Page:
List of abbreviations
American Academy of Otolaryngology-Head and Neck Surgery Foundation
advanced pneumatic compression devices
central nervous system
enhanced recovery after surgery
Food and Drug Administration
glomerular filtration rate
head and neck cancers
morphine milligram equivalents
National Comprehensive Cancer Network
nonsteroidal antiinflammatory drugs
opioid use disorder
patient controlled analgesia
peripheral nervous system
per os (by mouth)
quality of life
randomized clinical trial
squamous cell carcinoma
surveillance, epidemiology, and end results
serotonin-norepinephrine reuptake inhibitors
World Health Organization
Introduction: head and neck cancer-associated morbidity and pain
Head and neck cancers (HNCs) account for ∼5% of cancers globally (excluding nonmelanoma skin cancers) and are associated with significant morbidity including pain. HNCs primarily include malignancies of the oral cavity, oropharynx, nasopharynx, sinonasal cavities, hypopharynx, larynx, skin, and salivary glands. Prognoses for this group of cancers have only modestly improved with advances in surgical techniques, therapeutic radiation methodology, and novel targeted and immune-modulating systemic agents. There is a rise in HNC incidence rates from 2000 to 2018 according to the surveillance, epidemiology, and end results database with increased survivorship in large part related to the rising incidence of HPV-associated oropharyngeal cancers. The improved survivorship necessitates concomitant progress in managing the negative sequelae of these malignancies and their treatments, such as pain syndromes commonly associated with HNC. Acute pain syndromes are experienced by up to 80% of patients with HNC, with chronic pain in up to 60% of cases. ,
HNC and its treatments negatively impact patient quality of life (QOL) by causing pain, difficulties with swallowing, eating, phonation, and speech, and worsening psychosocial health that can manifest as depression, anxiety, and suicidal ideation. Importantly, these HNC-related morbidities do not exist in isolation, but intimately influence one another. Thus, understanding and alleviating pain has the capacity to improve not only the physical discomfort, but multiple aspects of QOL. For instance, greater pain is associated with an increased risk of suicide in advanced cancers. , Survivors of HNC compared to all other cancers combined were twice as likely to die from suicide, and the incidence of suicide in patients with HNC is worsening with an increase of 27% during the period from 2010 to 2014 compared to 2000–04. Benefits of pain control extend beyond improving other elements of patient QOL and are also associated with improved surgical outcomes and reduced overall healthcare system burden.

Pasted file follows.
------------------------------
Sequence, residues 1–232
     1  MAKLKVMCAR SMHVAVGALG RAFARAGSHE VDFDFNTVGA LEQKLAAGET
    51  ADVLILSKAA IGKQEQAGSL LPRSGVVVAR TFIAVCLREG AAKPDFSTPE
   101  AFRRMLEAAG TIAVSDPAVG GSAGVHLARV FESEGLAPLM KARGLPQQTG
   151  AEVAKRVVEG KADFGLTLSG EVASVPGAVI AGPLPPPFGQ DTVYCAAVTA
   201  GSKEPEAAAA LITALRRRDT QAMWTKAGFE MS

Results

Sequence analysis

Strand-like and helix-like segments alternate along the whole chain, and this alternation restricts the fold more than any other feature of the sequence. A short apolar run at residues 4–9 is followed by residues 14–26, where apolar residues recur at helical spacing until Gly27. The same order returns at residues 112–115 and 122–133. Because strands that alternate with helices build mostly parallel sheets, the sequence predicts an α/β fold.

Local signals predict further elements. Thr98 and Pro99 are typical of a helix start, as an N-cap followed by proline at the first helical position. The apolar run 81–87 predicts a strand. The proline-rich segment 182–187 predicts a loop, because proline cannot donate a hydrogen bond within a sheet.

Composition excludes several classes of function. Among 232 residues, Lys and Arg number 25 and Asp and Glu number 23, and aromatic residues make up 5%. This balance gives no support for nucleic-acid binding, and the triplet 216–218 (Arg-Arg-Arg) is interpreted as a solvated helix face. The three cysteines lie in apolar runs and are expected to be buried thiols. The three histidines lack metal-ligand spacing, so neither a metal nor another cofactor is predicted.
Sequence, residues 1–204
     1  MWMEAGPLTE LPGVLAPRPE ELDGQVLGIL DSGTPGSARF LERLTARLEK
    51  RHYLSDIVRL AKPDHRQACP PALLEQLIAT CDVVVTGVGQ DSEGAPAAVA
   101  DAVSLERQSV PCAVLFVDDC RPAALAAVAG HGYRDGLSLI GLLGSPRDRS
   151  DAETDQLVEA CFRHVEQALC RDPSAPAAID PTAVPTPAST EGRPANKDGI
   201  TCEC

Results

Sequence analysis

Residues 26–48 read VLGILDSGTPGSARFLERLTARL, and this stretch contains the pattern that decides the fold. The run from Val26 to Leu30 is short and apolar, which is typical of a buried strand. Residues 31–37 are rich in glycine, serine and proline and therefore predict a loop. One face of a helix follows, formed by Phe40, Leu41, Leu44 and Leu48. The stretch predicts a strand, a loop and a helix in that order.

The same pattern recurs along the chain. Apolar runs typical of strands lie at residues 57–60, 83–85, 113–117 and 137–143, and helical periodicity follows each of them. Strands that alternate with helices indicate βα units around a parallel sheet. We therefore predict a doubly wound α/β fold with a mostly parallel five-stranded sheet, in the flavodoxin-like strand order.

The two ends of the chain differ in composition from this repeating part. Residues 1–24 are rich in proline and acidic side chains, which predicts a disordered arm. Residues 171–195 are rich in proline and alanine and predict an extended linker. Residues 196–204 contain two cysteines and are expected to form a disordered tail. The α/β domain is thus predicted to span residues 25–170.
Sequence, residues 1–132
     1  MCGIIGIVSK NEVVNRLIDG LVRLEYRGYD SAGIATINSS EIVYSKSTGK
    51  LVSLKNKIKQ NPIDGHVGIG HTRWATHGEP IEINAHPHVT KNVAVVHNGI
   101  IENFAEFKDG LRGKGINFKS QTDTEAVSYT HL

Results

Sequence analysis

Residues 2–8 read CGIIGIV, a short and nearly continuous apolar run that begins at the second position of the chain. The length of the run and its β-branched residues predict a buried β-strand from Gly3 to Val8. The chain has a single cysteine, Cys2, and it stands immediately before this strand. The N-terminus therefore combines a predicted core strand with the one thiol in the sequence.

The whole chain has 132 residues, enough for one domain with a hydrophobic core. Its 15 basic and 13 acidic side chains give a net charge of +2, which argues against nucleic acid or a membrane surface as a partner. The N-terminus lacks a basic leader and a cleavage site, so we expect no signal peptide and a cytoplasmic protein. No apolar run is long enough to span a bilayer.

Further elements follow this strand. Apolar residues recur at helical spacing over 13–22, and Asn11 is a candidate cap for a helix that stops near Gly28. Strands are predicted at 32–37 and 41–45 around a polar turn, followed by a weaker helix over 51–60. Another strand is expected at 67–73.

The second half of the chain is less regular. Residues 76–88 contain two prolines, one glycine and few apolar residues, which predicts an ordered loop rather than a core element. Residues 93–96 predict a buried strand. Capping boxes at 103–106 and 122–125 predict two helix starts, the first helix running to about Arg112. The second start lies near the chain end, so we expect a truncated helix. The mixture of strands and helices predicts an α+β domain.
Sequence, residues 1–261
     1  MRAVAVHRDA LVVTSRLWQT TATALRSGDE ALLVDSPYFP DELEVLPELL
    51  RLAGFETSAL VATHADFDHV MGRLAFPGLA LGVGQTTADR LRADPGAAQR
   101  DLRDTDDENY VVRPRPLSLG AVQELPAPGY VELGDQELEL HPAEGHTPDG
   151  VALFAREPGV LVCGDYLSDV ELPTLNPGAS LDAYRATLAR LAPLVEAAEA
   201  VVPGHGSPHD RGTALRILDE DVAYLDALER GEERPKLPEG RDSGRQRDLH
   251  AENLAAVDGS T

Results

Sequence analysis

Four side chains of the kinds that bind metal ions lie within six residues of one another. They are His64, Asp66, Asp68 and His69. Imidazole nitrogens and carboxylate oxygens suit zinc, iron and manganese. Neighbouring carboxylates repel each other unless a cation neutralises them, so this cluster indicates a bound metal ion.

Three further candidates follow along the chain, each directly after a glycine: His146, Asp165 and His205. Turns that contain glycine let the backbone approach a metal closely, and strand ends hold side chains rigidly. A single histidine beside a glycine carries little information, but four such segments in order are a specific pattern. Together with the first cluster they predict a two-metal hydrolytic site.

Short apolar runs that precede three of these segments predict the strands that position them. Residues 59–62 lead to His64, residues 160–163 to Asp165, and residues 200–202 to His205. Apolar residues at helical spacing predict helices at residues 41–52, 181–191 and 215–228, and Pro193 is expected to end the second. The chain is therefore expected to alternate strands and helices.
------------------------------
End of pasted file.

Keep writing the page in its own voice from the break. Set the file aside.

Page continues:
Pain control methods in HNC include multimodal therapeutic approaches involving opioid and nonopioid analgesics for a variety of malignancy and treatment-associated pain syndromes. Guidelines for optimal pain control in HNC are shifting with increasing knowledge of the efficacy and risks of analgesic interventions. The World Health Organization’s (WHO) three-tiered cancer pain treatment ladder, beginning with nonopioid analgesics for less severe pain and increasing to stronger opioids for more severe and refractory pain, has been a widely used general guideline for treatment escalation ( Fig. 7.1 ). Recent guideline updates from both national and international groups support the use of multimodal pain control regimens that expand treatment options and emphasize opioid stewardship. Collectively, these guidelines highlight that high-quality pain management should be an integral part of cancer care, with pain management screening at each patient contact, and a personalized plan for each individual with strong consideration of the risks associated with specific interventions in each case. Overall guiding principles of cancer pain management recommend that when possible treatment be given by mouth, on a scheduled basis, with upfront patient education regarding a plan. Herein, we review opioid and nonopioid analgesic therapies for HNC-associated pain.